Alright one of my biggest tips because this was done in EVERY lesson I had watched is to make sure That you keep your distance away from each barrel when you are going through it at a trot or walk, even canter. When you are actually running the barrel the horse will come much closer to the barrel..But keep your distance! Also make sure ALL of your circles are equal, you do not want to go around the barrel in a lopsided circle, this can be quite difficult, lets say though that your trotting around the barrel and its a bit lopsided, go around the barrel again so your horse knows oh this is not the same pattern oh and she wants me to do a better circle...This is what happened in every lesson! Really focus on keeping your horse good, my old trainer had a Fantastic Qh that on the spare time from being a Barrel horse was a kids lesson horse....What I mean is It would not be a good idea to gallop all the time, infact I would not even go gallop the barrels everyday, really mix it can do barrels everyday, but just walk and trot...Have fun! Oh, and always start at a walk in barrels, and end at a walk. START SLOW!!!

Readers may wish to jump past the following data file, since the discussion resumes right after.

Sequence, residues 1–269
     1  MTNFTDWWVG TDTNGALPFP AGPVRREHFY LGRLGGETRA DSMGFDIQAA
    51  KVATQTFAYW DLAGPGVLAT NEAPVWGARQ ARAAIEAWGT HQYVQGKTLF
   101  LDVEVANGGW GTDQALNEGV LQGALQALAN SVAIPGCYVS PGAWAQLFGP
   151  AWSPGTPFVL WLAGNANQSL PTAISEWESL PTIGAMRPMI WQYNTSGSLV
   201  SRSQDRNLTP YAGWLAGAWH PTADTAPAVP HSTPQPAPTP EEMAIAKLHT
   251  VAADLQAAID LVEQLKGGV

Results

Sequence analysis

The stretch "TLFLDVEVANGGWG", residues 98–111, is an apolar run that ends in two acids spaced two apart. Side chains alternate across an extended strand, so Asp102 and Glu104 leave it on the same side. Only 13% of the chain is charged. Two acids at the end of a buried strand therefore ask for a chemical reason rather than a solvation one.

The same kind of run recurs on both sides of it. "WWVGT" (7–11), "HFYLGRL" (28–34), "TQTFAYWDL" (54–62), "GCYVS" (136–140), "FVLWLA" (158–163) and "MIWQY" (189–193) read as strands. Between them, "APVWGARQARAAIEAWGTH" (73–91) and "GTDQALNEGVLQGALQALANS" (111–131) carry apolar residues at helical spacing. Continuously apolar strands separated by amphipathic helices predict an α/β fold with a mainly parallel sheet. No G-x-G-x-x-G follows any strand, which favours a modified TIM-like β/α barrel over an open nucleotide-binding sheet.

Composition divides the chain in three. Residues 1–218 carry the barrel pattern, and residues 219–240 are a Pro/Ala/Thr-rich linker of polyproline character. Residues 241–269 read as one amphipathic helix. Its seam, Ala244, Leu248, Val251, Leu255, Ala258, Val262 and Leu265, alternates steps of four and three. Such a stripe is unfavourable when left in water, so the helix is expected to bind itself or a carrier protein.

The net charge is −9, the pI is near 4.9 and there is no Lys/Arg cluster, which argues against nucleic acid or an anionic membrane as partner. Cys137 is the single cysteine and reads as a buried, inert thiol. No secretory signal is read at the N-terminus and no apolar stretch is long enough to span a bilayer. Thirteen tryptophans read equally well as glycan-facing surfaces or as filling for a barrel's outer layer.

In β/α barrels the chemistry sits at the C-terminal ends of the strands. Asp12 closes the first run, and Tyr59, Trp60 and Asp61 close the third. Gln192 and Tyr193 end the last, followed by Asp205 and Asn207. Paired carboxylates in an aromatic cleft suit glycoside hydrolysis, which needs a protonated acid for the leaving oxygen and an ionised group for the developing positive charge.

01-04-2007, 09:36 AM
I had actually figured most of that out but thank you. It's great ot hear from someone else that I've got the right idea.
    01-11-2007, 11:24 AM
Since horses are a repetitive creature, the best way I know, is to walk the pattern for a couple of weeks, then trot for a couple, building up to a canter around them. By this time, the horse knows the pattern and should automatically do it.

We will (trainer and I) take the horse to the barrel, stop, backup, circle the barrel, and then go onto the next barrel. This teaches the horse to not overlook the barrel, or get too close to it. We do this first!! Before the above paragraph. Sometimes they will overshoot the barrel cause they aren't paying attention to it.

I've been doing barrels since I was 11 and i'm now 50. I've won some and i've lost some. But this is what I have done in the past, and will do in the future, when I start training tj in barrels.
    01-11-2007, 11:26 AM
Wow mommadog you have got experiance with barrels! :o
    01-11-2007, 02:33 PM
Thanx so much mommadog... I'll keep that in mind....
    01-14-2007, 11:47 PM